That’s a big problem for wind and solar power developers targeting the region. MISO and SPP between them have roughly 210 gigawatts of generation in their interconnection queue, of which about 85 percent is wind and solar, he said. But absent a process to enable new transmission capacity costs to be shared across multiple parties, those wind and solar developers are responsible for paying for the transmission upgrades required to interconnect them — and those costs can make or break a project’s economic viability.
Clean energy growth in the balance
Hall and Soholt cited the example of about 5 GW of renewable energy projects, mostly wind farms, that were part of MISO’s 2017 generation interconnection queue. Because the transmission required to allow those projects to connect to the grid wasn’t included in MISO's or SPP’s studies, the developers were saddled with the costs of building it themselves.
That’s forced most of the projects to drop out of the running, most recently the 157 MW Brickyard Hill wind farm to be built by EDF Renewables for utility Ameren Missouri. Of the original 5 GW, only about 140 MW of viable projects remain, Soholt said.
Likewise, utility AEP was forced to cancel its 2 GW Wind Catcher wind project in 2018, in part because it would require a $1.6 billion transmission upgrade, and return to state regulators with a smaller-scale project that didn't require major transmission builds.
These processes are distinct from those that apply to merchant transmission projects like the Grain Belt Express or TransWest Express, which are being developed independently of the cost-of-service mechanisms driving FERC-regulated grid operator policies, Soholt noted. While those are gigawatt-scale projects connecting far-off wind power to markets, “they’re just a drop in the bucket [compared] to what we really need,” she said.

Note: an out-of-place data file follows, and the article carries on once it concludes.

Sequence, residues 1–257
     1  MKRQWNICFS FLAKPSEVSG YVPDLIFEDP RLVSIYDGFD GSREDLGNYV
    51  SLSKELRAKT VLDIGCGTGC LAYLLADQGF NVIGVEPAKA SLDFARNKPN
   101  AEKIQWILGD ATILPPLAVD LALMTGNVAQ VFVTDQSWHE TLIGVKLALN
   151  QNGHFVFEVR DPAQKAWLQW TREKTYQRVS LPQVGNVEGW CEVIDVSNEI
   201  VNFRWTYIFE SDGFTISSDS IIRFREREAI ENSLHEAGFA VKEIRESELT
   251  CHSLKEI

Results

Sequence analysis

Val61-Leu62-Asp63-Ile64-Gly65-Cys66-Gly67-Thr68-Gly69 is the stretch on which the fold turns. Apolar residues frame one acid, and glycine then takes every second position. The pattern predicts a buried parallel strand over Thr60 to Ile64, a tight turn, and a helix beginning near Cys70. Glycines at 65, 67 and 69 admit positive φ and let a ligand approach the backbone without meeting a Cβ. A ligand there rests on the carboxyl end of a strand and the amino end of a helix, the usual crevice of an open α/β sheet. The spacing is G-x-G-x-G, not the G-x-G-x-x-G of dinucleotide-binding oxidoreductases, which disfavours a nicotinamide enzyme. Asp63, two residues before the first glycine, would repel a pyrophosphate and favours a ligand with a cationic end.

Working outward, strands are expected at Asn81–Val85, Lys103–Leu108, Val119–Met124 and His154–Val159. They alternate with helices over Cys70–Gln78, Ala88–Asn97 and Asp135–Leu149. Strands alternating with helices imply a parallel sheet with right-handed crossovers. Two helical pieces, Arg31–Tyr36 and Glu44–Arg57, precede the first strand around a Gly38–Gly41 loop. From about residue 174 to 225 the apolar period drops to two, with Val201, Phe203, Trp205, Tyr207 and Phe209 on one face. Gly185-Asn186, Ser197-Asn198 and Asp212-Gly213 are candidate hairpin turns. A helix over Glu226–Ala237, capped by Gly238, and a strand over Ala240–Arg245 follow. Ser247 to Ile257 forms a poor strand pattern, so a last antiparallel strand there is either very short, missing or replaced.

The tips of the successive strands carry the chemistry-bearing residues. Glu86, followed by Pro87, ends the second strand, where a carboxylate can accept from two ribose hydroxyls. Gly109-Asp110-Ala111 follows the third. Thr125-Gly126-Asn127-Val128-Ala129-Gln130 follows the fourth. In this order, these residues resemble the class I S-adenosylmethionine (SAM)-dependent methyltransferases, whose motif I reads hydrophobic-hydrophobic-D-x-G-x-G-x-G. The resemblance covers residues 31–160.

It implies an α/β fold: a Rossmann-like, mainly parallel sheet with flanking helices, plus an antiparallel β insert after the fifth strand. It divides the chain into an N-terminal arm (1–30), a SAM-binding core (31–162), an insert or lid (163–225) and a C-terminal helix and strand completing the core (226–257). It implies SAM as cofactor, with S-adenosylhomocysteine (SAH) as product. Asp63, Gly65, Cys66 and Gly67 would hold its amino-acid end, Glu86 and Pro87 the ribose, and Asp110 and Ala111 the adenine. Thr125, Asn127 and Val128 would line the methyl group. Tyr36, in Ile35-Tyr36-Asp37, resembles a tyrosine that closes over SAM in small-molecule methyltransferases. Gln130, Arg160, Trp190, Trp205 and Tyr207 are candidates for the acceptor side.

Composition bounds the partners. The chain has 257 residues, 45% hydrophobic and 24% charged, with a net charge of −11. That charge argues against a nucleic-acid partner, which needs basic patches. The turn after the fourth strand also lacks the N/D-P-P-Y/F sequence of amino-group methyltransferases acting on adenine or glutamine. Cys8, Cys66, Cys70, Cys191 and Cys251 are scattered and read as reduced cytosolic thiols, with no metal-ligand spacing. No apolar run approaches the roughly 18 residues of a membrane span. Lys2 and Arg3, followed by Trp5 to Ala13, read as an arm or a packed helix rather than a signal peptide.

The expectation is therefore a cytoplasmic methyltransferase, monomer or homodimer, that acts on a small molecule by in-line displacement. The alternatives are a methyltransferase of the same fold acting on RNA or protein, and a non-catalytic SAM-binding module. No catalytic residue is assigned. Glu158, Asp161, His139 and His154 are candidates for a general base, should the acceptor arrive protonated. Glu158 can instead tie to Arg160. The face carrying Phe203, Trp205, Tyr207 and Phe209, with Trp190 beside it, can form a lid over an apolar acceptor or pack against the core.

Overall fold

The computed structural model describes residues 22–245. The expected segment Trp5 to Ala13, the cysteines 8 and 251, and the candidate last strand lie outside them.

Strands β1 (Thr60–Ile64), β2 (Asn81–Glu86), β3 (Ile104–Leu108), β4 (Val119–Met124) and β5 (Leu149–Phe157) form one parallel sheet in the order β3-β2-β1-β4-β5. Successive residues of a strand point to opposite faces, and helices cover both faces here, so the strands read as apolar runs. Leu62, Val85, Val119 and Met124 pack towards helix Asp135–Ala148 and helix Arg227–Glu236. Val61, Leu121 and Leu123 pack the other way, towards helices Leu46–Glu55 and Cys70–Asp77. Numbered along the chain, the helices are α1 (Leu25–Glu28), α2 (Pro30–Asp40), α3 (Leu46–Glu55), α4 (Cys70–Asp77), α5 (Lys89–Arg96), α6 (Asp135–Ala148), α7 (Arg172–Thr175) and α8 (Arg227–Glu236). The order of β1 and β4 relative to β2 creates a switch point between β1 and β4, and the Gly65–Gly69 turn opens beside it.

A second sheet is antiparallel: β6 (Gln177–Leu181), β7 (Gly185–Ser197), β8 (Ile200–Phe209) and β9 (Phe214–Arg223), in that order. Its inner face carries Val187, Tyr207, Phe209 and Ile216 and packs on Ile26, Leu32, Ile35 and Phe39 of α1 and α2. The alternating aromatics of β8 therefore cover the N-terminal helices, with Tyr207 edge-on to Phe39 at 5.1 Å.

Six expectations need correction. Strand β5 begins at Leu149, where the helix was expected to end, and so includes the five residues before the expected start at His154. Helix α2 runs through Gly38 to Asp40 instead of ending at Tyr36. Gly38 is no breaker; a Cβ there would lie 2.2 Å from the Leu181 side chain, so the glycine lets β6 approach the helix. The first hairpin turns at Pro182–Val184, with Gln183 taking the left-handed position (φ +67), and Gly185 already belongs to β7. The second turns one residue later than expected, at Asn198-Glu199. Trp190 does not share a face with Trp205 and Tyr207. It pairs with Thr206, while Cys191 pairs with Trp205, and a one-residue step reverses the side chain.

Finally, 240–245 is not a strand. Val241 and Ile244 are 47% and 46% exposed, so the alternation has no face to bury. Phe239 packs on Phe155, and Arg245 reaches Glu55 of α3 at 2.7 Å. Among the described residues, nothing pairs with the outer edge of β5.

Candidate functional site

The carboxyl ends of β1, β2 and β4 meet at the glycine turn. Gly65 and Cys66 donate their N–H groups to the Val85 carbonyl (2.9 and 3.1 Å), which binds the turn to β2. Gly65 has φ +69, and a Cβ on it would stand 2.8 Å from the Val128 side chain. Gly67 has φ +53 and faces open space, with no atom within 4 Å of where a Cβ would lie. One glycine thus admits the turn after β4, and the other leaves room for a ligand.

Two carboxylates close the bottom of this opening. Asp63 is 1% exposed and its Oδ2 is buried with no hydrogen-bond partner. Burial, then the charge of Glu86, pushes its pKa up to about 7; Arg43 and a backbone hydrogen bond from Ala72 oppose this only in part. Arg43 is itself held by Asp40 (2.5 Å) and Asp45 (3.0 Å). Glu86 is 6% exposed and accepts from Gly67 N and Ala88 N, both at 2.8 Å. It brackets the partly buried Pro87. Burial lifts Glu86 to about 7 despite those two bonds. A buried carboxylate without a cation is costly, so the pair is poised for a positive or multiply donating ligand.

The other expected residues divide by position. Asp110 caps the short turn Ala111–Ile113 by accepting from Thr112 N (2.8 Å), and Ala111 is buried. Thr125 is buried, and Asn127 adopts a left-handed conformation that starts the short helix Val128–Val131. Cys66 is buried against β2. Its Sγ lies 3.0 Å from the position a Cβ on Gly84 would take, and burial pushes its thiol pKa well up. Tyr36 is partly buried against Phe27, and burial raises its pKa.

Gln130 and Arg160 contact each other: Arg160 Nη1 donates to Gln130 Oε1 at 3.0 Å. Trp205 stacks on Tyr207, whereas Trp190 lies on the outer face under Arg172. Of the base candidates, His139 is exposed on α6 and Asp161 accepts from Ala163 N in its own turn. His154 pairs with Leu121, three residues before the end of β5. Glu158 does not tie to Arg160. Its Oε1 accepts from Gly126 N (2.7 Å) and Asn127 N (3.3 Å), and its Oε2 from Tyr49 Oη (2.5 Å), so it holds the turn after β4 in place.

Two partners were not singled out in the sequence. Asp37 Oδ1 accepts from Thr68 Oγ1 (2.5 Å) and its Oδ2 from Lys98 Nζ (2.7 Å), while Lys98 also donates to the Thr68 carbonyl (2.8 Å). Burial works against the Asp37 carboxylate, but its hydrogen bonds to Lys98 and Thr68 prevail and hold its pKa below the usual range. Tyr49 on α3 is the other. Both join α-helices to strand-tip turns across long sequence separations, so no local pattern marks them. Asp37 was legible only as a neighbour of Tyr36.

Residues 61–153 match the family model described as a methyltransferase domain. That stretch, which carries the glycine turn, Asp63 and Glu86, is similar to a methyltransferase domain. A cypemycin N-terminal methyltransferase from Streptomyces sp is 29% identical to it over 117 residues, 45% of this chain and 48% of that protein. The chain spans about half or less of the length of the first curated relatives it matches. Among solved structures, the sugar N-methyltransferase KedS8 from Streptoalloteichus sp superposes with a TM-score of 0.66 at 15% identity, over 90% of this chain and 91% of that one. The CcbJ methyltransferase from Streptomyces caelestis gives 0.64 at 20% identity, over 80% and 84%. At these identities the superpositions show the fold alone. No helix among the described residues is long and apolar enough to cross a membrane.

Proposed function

Fixing these disconnects will require a lot of work, but it can be done. Back in 2011 MISO staff recommended 17 transmission projects, worth about $5.2 billion, in its “multi-value projects” (MVP) portfolio, that have since expanded the region’s wind power transmission capacity by about 25 GW, Soholt said. As part of that broader expansion, 11 transmission-owning utilities formed the “CapX2020 initiative” to coordinate their cost-sharing approach to finance about 3,600 MW of that capacity, she added.
The MVP and CapX2020 process “are examples where people pooled their collective need and came up with a package that worked for everyone,” she said. That’s similar to Texas’ Competitive Renewable Energy Zone policy, which helped bring new transmission to carry West Texas wind power to eastern cities.
But the capacity enabled by the MVP process is now more or less tapped out, she said. The American Wind Energy Association and the Clean Grid Alliance are among the renewable energy industry groups working with MISO and SPP to modernize their transmission planning regimes to allow similar cooperative efforts to pick up where MVP left off.
Beyond individual efforts at MISO and SPP, the newly launched "seam" joint initiative could yield a new set of processes for valuing projects across both grid operators’ systems, potentially yielding a set of transmission projects that could be included in their upcoming 2021 studies, she said.
“If we can just get a planning process that can work to surface projects and then decide how we’re going to allocate the cost based on the values and benefits they’re going to bring to the markets, then we have something to work with,” she said. “But if we can’t execute on some of those pieces, we’re dead in the water.”